Reading report for February 2010

I finished 15 books in February. 4 were crime novels, 6 were romances, 7 were historical.

A special mention must be made of The Song of Bhagavad-Gita. It is a chapter from the great Hindu epic, The Mahabarata, where Krishna, one of the many manifestations of God in Hinduism, explains religious philosophy to Prince Arjuna on the eve of a great battle. I don’t know how accurate the translation is, since I don’t know Sanskrit, but I do know that it is beautiful and mixes prose and verse in a nicely balanced way. It took me nearly three months to read it, as it soon became apparent that it needed to be read slowly and each chapter thoroughly digested before moving on. I can’t say that much of its message stuck, but I do know that after reading a chapter – always at bedtime – I would have a wonderfully restful night’s sleep, because it had such a soothing and calming effect on my mind.

Challenge count:
Top mysteries: 0
Global Reading Challenge: 1
Bibliophilic Book Challenge: 2
TBR Challenge: 8

Rereads: 2
Icelandic books: 2

The Books:
Maggie Black & Deirdre Le Faye: The Jane Austen Cookbook (historical cookery book)
Agatha Christie:After the Funeral (murder mystery)
Jennifer Crusie: Welcome to Temptation (romance)
Jennifer Crusie & Bob Mayer: Agnes and the Hitman (romantic thriller)
Halldór Laxness: Úngfrúin góða og Húsið (historical novel)
J.J. Marric: Gideon's Month (police procedural)
Orhan Pamuk: The White Castle (historical novel)
Ellis Peters: St. Peter's Fair (historical mystery)
Julia Quinn: When he was Wicked and It's in his Kiss (historical romance)
Nora Roberts: Irish Rebel and Sullivan's Woman (romance)
Unknown: The Song of Bhagavad-Gita (religious philosophy)
Jason Wilson (series ed.) & Ian Frazier (book ed.): The Best American Travel Writing 2003 (travel articles)
Yrsa Sigurðardóttir: Aska (murder mystery)

Tentative reading plan for March:
I didn’t make any headway with the Top Mysteries challenge in February, but intend to do better this month. I have started reading The Anatomy of a Murder and will review it as soon as I finish it. I also have another book on the list lined up which I may even finish before Anatomy... because it's short enough to read in one session.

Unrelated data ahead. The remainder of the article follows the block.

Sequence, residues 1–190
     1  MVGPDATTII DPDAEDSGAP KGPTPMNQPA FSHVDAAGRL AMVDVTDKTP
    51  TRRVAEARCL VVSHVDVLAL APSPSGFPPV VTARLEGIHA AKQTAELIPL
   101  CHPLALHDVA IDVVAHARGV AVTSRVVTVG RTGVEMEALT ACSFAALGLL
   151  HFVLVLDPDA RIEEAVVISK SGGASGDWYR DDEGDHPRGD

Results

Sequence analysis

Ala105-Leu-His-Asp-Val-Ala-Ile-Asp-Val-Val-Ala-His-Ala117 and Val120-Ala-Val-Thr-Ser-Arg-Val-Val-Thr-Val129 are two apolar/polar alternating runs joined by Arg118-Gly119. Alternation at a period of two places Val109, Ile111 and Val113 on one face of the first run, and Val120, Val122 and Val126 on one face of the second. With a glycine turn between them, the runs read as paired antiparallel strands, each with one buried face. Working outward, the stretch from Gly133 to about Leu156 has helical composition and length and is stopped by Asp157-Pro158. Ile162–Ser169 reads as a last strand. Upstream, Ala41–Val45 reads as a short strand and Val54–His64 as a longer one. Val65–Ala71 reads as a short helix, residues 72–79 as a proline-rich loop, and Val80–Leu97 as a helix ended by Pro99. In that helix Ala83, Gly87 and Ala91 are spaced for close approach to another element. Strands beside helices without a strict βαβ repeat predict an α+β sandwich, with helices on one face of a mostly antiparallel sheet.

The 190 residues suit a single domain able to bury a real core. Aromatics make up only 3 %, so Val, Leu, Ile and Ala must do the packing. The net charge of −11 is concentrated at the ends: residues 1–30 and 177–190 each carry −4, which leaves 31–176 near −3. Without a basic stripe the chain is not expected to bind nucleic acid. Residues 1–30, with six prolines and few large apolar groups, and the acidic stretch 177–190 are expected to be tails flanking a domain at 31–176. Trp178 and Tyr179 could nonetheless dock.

In the Global reading Challenge I am halfway through The Mulatta and Mister Fly by Miguel Angel Asturias, an entertaining, magical picaresque novel set in the author’s native country, Guatemala. I will have to finish it soon, because I must return it to the library in 10 days time.

For the Bibliophilic challenge I want to get my hands on The Book Thief by Markus Zusak. It remains to be seen if I am successful, as it is very popular and I am planning to get it from the library. Just because a copy is available right now, when the library is closed, doesn’t mean it will be after I finish work tomorrow.

I have the latest crime novel by Arnaldur Indriðason lined up and plan to read it soon.

And finally I would like to try to get my hands on more of Julia Quinn’s Bridgerton romances, having read 2 of them in February and liked them very much.


Anonymous said…
I'm very interested in the content of your blog, but really can't stand to read it for more than a few minutes because of the terrible user-unfriendly red background, white
text. I don't think a blog should be difficult to read; there's a reason books have white pages, black text, (and red is my favorite color for almost everything else!). Please reconsider; a good blog doesn't need to be eye-catching. mso.
Bibliophile said…
Thanks for the feedback. I occasionally fiddle around with the colours of the blog and this kind of input is invaluable for finding the right balance between readability and style.
Incidentally, if you use the Firefox browser and come across a web page that you find difficult to read because of the colours, you can click "view", choose "page style" and then "no style", which should give you basic black type on a white page.

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